Don't ask if a monorepo is good for you – ask if you're good enough for a monorepo

This is inspired by Dan Luu's post on the advantages of a single big repository over many small ones. That post is fairly old, and I confess that I'm hardly up to date on the state of tooling, both for managing multiple repos and for dealing with one big one. But I'm going to make an argument which I think mostly works regardless of the state of tooling on any given day:

  • Monorepo is great if you're really good, but absolutely terrible if you're not that good.
  • Multiple repos, on the other hand, are passable for everyone – they're never great, but they're never truly terrible, either.

If you agree with the above, the choice is up to your personal philosophy. To me, for instance, it's a no-brainer – I'll choose the passable thing which successfully withstands contact with apathetic mediocrity over the greater thing which falls apart upon such contact in a heartbeat.

You might be different – you might believe in Good – and then you'll choose a monorepo, like Google, the ultimate force for Good in technology (which is why they safeguard your personal data; you wouldn't want someone evil to have it – luckily, Google can do no evil.) And I'm almost not kidding: the superpower which lets Google maintain the grassroots bureaucracy which I find necessary to make monorepos work well is actually the same trait making you sufficiently delusional to chant, or at least to have chanted "Don't Be Evil" entirely seriously. I don't have that. I am, to a first approximation, evil. Worse is Better.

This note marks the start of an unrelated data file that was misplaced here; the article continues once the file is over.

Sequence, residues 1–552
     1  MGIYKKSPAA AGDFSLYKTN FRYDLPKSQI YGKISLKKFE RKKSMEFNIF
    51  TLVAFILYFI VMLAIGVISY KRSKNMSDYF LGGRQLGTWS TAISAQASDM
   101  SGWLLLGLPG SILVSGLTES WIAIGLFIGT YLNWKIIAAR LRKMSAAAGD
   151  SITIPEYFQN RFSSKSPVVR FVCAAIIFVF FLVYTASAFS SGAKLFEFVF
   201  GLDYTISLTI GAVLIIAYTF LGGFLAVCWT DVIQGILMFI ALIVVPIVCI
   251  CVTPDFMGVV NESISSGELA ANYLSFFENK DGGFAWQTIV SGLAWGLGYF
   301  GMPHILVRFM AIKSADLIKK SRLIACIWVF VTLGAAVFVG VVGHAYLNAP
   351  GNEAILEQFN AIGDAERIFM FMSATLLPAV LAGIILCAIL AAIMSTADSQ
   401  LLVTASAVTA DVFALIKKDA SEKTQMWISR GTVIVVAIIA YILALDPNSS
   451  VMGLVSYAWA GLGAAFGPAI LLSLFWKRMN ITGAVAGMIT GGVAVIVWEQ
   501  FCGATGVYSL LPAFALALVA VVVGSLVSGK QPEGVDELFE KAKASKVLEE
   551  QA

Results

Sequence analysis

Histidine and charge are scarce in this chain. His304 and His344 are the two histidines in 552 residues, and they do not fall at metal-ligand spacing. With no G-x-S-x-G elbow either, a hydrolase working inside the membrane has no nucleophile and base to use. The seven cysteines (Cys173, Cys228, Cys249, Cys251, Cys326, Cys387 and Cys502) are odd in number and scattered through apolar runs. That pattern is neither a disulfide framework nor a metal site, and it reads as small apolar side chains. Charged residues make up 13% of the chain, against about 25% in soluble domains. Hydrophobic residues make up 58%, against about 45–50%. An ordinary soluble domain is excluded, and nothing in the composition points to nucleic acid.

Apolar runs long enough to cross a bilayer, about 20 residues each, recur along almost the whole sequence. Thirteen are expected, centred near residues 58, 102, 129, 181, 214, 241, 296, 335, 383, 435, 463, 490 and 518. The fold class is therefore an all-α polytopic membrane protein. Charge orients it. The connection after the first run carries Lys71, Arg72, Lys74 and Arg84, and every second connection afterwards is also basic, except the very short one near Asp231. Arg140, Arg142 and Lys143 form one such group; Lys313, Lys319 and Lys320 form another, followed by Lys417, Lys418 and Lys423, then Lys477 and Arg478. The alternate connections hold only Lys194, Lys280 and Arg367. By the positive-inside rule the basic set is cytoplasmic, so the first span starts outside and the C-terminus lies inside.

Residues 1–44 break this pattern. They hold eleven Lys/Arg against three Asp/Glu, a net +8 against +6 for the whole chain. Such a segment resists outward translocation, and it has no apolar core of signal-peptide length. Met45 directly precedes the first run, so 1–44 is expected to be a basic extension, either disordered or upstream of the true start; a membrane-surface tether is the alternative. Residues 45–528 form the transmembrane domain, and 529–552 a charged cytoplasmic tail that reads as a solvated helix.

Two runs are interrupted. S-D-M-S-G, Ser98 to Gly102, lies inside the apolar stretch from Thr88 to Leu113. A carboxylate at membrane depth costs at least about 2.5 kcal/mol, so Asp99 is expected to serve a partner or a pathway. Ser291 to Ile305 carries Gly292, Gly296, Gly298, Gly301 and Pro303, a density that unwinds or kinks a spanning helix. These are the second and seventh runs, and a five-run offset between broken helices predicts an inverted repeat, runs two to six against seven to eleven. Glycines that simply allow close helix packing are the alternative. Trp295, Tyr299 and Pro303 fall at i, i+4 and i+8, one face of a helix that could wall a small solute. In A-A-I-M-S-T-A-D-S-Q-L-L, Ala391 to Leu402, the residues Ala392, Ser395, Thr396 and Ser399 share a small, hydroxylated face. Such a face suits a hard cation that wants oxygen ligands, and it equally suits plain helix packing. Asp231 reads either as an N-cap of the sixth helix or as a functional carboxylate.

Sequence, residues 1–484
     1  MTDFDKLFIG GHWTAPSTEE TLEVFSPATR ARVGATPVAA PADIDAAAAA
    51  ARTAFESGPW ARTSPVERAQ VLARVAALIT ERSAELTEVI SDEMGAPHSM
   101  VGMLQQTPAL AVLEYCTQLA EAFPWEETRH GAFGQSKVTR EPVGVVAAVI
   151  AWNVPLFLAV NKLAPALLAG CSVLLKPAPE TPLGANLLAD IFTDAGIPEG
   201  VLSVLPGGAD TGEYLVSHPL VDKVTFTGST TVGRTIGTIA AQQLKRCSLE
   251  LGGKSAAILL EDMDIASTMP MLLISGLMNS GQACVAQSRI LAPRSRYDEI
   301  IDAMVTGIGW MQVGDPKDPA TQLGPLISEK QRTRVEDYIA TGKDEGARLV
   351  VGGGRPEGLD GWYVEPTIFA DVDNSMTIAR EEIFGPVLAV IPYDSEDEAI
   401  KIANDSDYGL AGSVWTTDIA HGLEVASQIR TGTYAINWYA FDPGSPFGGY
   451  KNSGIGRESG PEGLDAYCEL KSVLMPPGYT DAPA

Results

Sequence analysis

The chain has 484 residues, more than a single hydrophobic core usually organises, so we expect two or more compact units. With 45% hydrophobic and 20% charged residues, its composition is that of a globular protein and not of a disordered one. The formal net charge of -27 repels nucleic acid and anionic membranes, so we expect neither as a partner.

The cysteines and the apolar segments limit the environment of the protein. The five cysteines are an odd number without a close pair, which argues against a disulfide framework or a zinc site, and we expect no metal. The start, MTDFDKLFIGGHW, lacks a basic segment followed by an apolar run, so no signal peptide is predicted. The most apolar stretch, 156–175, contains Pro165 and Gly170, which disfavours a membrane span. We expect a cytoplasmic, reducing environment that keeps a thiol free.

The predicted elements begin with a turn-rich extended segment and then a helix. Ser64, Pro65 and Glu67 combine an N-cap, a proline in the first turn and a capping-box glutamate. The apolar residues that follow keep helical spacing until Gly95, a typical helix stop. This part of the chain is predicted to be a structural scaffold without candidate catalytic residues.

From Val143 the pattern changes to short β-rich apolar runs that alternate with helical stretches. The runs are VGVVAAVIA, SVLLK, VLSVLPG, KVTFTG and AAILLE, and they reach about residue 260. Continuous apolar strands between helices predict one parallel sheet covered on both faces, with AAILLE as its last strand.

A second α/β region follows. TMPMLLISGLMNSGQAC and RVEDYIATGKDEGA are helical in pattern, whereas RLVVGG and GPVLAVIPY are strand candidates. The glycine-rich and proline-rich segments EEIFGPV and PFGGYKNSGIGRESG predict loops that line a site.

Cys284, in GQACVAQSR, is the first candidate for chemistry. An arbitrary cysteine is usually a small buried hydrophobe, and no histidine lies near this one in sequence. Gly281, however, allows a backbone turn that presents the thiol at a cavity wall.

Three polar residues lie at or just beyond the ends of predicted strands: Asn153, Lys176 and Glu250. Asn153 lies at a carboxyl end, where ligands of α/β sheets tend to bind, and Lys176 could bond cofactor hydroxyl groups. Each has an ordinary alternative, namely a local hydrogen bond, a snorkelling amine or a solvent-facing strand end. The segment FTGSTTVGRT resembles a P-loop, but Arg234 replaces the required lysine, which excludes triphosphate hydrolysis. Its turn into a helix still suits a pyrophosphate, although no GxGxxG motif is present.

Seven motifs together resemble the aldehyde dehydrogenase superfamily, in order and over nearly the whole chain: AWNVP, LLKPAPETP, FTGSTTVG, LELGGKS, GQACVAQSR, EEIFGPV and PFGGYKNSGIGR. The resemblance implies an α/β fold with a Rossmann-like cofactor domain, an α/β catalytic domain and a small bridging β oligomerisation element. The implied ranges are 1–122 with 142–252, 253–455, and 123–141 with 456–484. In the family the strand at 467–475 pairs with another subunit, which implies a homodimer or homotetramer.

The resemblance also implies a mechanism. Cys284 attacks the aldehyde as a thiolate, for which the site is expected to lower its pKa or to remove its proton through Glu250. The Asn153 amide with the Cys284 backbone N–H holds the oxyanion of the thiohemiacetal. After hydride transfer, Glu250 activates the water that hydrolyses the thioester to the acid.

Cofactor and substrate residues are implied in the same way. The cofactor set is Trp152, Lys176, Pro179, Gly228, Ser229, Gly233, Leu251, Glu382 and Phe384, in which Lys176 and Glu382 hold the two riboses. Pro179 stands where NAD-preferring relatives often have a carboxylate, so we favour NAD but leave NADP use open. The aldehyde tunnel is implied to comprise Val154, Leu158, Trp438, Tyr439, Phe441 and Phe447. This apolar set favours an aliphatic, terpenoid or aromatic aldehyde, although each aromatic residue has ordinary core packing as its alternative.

But that's me – I'm not saying you/your org are Not So Good, or Evil. I'm only saying that you should be open to the possibility, and that I don't see the implications of being Not So Good discussed as much as they deserve.

Why are monorepos terrible if you're not that good? Three reasons:

  1. Branching in
  2. Modularity out
  3. Tooling strained

Let's discuss them in some detail.

Branching: getting forked by your worst programmer